Your batteries can also become “puffed” after some abusive uses or they are just simply getting too old. Perhaps it’s not as bad as the one in the picture below, but you might notice it’s getting fatter than it was, this is a sign of puffed/swollen LiPo.

Unbalanced Cell Voltages

It’s pretty normal that the cell voltages are slightly different after a flight, maybe one is at 3.55V, one is at 3.59V, and another at 3.61V… The point is, they should all be within reasonable range.

You should be cautious when the gaps grow. When the internal resistance of particular cells are higher than others, they discharge slower and therefore have a higher voltage remained at the end of the flight. Eventually this might lead to over-discharging of other cells in the battery and cause swelling.

This is also why you should always “balance charge” your batteries in case of over-charge.

Check Temperature While Charging

If your battery gets warm during charging, then it’s a very, very important sign that your battery might have a problem. LiPo batteries shouldn’t get noticeably warm when charging at reasonable rate i.e. 1C or even 2C.

Save the Lipo Over Battery Discharged

Beginners RC or lipo users usually experience it when playing rc airplanes, rc boats, rc dron or r / c car too busy and forget not to use voltage sensors such as low voltage alarms or the like sometimes too busy playing until suddenly the rc stops or falls and new Be aware that if they run out of fuel (over discharged) what happens afterwards can be worse than we know, lipo will not be able to be charged or it will even become bloated if it is not immediately handled If you want to try to save your empty LiPo battery with instructions in this article, do it at your own risk.

Remember the longer you let the LiPo battery run out in case this is over discharged, then the battery’s poor performance will increase, it will become bloated and other bad things. So when this accident occurs, the out-of-voltage LiPo battery is measured at a total of 1.9V (usually 0, 63 V per cell). lipo charger can not recognize the battery and cannot charge Do not let Lipo take too long to empty do this immediately we must first increase the voltage in each cell to a higher voltage (above 3V per cell) by connecting to a digital charger as usual but setting the charger using the Ni-MH type, the two detached batteries check if the lipo is at 3 volts per cell if it has been set to lipo mode and reconnect your Lipo charger. You will recognize your empty lipo battery again. So, that’s what we did, if you decide to try it, do it very carefully and do it at your own risk Tools and Materials: digital lipo charger support nimh, banana to xt60 cable & empty LiPo battery

Steps 1

So first of all, you need a digital charger that has a feature that can charge NiMH batteries. Some LiPo chargers can also charge NiMH, such as Turnigy acuucel6. Connect the main battery connector to the charger, and the contents of the LiPo over are discharged with the lowest possible current, for example with a current of 0.1A. usually it only takes a few minutes to increase the cell voltage back to 3.0V. we recommend to stop charging once the voltage reaches around 3V-3.3V, do not fill it with long mode too long After the steps above I then test it with a normal LiPo charger mode and finally be able to read the over-discharged LiPo battery that has been restored. finally we used the Lipo recharge feature to fill the Lipo battery with full capacity, and managed to recover the dead battery.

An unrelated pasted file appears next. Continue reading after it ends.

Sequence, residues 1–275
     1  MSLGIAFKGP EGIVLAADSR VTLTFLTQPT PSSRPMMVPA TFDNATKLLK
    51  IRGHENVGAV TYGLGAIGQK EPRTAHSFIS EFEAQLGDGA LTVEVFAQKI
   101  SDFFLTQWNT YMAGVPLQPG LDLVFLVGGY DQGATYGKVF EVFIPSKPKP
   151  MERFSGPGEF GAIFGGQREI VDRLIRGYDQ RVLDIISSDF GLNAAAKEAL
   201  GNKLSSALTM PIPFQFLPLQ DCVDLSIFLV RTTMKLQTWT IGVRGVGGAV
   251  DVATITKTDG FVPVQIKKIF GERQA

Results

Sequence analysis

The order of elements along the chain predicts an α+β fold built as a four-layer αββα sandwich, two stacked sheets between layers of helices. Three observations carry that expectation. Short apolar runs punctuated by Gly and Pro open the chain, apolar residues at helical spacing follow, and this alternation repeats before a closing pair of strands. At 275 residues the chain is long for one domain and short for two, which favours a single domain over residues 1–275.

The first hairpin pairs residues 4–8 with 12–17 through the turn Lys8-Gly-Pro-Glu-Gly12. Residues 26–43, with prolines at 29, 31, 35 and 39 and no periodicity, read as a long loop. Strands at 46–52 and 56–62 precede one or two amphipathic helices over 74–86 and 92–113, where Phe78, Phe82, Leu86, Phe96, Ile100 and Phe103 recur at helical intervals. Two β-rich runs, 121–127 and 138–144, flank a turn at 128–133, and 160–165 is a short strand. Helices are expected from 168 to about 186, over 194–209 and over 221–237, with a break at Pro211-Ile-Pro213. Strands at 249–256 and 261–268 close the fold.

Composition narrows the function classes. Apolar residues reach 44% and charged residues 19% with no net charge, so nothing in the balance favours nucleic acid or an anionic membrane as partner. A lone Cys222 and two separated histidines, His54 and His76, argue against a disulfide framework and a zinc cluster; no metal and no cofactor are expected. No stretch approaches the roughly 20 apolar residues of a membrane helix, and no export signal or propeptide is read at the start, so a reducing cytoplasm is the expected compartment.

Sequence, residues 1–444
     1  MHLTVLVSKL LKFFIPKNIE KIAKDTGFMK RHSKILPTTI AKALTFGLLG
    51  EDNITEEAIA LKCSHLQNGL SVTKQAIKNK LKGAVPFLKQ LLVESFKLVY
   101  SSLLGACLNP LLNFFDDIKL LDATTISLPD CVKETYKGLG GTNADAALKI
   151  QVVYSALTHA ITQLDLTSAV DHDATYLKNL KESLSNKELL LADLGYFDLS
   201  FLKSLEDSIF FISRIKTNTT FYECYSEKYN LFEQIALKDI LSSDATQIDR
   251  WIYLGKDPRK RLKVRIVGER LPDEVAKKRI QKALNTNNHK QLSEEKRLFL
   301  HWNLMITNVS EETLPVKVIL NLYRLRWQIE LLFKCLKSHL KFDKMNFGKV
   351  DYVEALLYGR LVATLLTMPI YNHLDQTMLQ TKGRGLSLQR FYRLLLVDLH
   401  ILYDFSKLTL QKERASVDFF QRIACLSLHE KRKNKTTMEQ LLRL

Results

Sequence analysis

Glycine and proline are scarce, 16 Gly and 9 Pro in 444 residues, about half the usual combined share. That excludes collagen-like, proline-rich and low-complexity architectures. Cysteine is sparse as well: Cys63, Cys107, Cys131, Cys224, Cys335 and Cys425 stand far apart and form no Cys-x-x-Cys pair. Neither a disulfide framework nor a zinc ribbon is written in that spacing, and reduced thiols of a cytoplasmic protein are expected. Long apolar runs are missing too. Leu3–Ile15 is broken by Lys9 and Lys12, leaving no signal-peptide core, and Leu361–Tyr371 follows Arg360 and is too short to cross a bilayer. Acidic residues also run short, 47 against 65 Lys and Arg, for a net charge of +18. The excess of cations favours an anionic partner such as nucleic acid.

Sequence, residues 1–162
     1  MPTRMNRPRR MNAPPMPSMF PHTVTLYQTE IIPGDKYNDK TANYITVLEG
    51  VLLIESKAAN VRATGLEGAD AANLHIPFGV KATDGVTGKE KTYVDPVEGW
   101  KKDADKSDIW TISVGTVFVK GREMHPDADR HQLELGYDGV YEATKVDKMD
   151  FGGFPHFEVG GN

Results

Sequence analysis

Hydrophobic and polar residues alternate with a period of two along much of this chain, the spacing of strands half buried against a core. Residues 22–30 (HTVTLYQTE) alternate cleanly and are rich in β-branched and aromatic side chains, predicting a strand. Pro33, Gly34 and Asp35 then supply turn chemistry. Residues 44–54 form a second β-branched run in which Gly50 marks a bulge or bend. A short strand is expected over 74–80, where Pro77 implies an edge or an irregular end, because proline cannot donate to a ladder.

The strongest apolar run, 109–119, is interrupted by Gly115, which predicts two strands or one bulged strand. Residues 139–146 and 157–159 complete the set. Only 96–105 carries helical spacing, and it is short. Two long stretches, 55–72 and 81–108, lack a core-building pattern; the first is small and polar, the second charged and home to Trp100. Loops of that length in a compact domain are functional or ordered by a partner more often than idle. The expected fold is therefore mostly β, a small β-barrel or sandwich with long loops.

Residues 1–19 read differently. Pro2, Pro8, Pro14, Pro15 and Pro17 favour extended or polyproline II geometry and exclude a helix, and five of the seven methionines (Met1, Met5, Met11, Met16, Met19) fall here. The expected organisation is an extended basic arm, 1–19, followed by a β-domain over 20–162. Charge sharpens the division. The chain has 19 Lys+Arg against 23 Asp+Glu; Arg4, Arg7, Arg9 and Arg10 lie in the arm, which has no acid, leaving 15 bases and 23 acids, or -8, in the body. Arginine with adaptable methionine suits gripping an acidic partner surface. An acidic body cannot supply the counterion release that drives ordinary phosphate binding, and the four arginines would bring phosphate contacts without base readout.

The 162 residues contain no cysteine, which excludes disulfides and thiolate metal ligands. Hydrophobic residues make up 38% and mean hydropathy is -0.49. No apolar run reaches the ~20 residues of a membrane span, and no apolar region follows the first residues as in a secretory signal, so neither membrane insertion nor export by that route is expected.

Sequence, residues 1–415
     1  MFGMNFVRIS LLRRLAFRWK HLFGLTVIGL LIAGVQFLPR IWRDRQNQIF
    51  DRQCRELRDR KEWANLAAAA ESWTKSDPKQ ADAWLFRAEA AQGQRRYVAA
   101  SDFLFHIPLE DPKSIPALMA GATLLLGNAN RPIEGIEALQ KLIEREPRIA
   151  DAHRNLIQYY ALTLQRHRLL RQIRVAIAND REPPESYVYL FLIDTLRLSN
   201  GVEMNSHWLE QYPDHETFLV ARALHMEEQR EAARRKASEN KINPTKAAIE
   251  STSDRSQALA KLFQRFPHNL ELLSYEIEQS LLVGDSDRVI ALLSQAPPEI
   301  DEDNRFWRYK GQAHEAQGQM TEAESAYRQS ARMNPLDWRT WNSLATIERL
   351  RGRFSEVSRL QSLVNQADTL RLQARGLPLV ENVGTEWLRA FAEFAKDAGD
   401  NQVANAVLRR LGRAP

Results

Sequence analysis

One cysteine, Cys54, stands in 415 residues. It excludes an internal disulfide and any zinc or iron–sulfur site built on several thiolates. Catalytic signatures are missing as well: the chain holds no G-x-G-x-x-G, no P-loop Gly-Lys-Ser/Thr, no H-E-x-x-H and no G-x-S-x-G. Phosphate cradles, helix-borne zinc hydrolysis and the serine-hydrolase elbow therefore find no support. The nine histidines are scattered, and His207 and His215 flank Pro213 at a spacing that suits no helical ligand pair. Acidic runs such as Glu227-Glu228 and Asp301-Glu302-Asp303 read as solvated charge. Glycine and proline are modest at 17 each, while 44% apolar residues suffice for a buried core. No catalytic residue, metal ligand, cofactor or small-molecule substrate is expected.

Step 2

There is a second way to deal with over-discharged LiPo, which is a little more necessary to be careful because otherwise you will burn the battery or even your house hehe but this method is very helpful too by using another lipo that is still sane and still contains a full charge but you must be more careful in this way because it only takes a few seconds to do it differently from the previous method which takes several minutes tools and materials: Black red jumper cable to taste, empty lipo battery, normal battery fully charged.

Prepare an empty lipo battery (target over discharged), prepare another lipo battery that is still normal and fully charged with the assumption that the two batteries must have voltages such as the 3s, 2S, 4S, 5S and 6S use the over-discharged LiPo rescue battery which has small capacity prepare a rather large jumper cable the size of the xt60 hole then connect the black cable (-) to black (-) on the target then the last one connect the positive (+) cable to the positive note that connect the positive cable in 3-5 seconds then immediately off because the cable can be very hot after that connect the original lipo battery to an ordinary charger then the battery can be used as usual for those of you who want to learn more about LiPo battery care see the following article Caring for LiPo to last years

An Easy Way To Set up PID Flight Controller

Many configurator software such as Raceflight, Betaflight, KISS and others allow users to set up PID Flight Controller to improve flight performance. In this post we will explain what PID is, how it affects the stability of your Quadcopter or Drone, and an easy way to adjust the PID on your quadcopter. After reading this PID guide, I also recommend continuing to try and read the deeper PID adjustment guide. because in this article we explain it in a more practical way.